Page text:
5 (1) Superbad (8.1)
6 (new) Resident Evil: Extinction (6.4)
7 (new) The Flock (6.1)
8 (4) Balls of Fury (5.0)
9 (7) Rescue Dawn (7.9)
10 (6) Transformers (7.7)

Thanks to TorrentFreak for compiling this report.

The Pirate Bay Investigation Comes to An End December 10, 2007

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    After confiscating all TPB’s servers last year in a raid that made international press, The Swedish Police finally finished going through all the evidence for The Pirate Bay. 4,000 pages of legal paperwork were delivered to TPB, and now it awaits the official court verdict. After many extensions of the trial against the operators of TPB, the police is finally ready to prosecute. Below, the evidence is shown.According to Brokep (Peter Sunde, the head TPB admin), the papers consist of mostly a list of files and top torrents from The Pirate Bay’s trackers in the period before they were confiscated. With this evidence, the prosecutors, including Håkan Roswall, are charging TPB with facilitation to infringe copyright. Brokep notes that he would like an extension, as he has better things to do on New Year’s than go through 4k pages. On an interesting tangent, Brokep, being the stunning environmentalist that he is, bought 5 trees to compensate for all the wasted paper (certificate here).

    Not only has the police been analyzing the files on the servers, according to Brokep, they looked at the tracker code as well. Aside from finding a bug, police as well analyzed the tracker’s code. A bit too late, as we recently covered the switching of TPB to OpenTracker. Oh well.

    In my opinion, brokep is fairly fearless. The Pirate Bay is now the center of all FileSharing battles, replacing SuprNova and LokiTorrents where they were several years ago.  The important thing is to see how the music industry responds. They can go off on several tangents here. One would be to threaten Sweden with several measures, as they have done. Then, Sweden would change the law, and possibly put brokep into jail. Another is they take Canadian suggestions, as well as many peoples opinions, and begin charging flat fees. Or they can die. Here’s to hoping we will find a compromise.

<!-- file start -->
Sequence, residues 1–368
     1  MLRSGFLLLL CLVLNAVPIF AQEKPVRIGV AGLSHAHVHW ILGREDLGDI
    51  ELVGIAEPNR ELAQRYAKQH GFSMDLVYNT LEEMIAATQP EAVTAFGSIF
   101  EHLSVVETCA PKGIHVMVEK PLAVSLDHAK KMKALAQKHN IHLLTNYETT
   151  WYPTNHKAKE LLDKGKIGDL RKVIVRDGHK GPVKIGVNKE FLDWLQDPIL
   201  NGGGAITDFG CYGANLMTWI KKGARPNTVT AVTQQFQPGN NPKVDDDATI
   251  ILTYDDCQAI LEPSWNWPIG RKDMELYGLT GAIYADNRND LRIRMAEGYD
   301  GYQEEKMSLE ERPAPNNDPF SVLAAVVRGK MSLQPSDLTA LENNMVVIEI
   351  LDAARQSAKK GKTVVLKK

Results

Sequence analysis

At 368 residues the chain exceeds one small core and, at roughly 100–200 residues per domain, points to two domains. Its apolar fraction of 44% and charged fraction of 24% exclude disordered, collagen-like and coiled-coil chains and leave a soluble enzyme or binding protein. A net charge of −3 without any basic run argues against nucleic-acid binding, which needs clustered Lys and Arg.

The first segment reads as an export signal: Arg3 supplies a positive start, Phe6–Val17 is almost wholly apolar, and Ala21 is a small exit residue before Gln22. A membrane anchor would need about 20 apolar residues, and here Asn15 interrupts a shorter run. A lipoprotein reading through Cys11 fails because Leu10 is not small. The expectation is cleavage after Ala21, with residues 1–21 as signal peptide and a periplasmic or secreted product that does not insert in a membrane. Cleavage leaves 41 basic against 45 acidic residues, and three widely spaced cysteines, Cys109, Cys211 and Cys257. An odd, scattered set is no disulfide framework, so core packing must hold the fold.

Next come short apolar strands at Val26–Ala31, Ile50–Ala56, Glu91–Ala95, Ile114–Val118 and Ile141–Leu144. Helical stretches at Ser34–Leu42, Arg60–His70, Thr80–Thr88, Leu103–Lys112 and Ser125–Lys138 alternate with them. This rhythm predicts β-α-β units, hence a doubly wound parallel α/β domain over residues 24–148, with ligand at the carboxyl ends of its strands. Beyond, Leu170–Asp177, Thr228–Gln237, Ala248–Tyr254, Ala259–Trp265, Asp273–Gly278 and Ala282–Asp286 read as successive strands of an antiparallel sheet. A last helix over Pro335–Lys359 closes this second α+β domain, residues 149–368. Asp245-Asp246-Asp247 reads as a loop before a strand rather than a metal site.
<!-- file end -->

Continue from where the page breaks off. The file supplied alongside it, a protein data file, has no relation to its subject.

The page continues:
Until then, we’ll keep you posted as things develop. Happy holidays.

China Bans Hollywood Movies December 10, 2007

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In a recent move by the Communist government of China, China has banned all Hollywood Movies and American productions until February of 2008, and possibly later.

Little is known, however no US studios have been given release slots in January or February of 2008.

This move probably comes as a result of trade issues with China, as well as the United States honoring Dalai Lam, causing Chinese anger.  Very few people in China, including the enormous State Administration of Radio Film & Television, do not know anything of the ban.  The rumor as of now is that the orders came from very high up.

Many supporters of this law say the United States is stifling local film production, as well as creativity.

According to ZeroPaid, this is not the first time US movies have been banned from China.  From June 20-July 11 and from July 21-August 12 mark other bans.

How does this apply to filesharing?  One of the causes of the ban was an argument between the US and Chinese government when the United States tried to put pressure on China to stop its gargantuan pirated movie industry.  This industry includes bootleg movies, as well as BitTorrent and direct downloads.  This is a huge hit for movie studios, as the main way they capitalized from the enormous economy in China was to show movies in theaters; very few people bought legal DVD’s.

We’ll keep you current over at The Pirate Blog.  Until next time, happy holidays.

[Slyck.Com] – Canadian Songwriters Demand Legalization of P2P December 9, 2007

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Summary – A major group of Canadian songwriters is pushing for the Legalization of P2P, at the same time as the CRIA is trying to obscenely increase penalties.

From Slyck.Com –

Canada’s copyright debate is headed to a boiling point. What the CRIA (Canadian Recording Industry Association) has demanded, on behalf of artists, that people who download unauthorized music face penalties similar to that of the United States. Unfortunately for the CRIA, the paradox in their demands has been the simple fact that the artists themselves are demanding the exact opposite. Not only do they say they don’t want to litigate music fans, but they also say that file-sharing should be legalized.

The Songwriters Association of Canada has put forth a proposal on a system that would allow anyone to download music for free legally while still compensating artists. Within the proposal is a system that suggests that there be a five dollar fee for every internet service provider. The money would then go to the respective rights holders as compensation – similar to that of a blank media levy.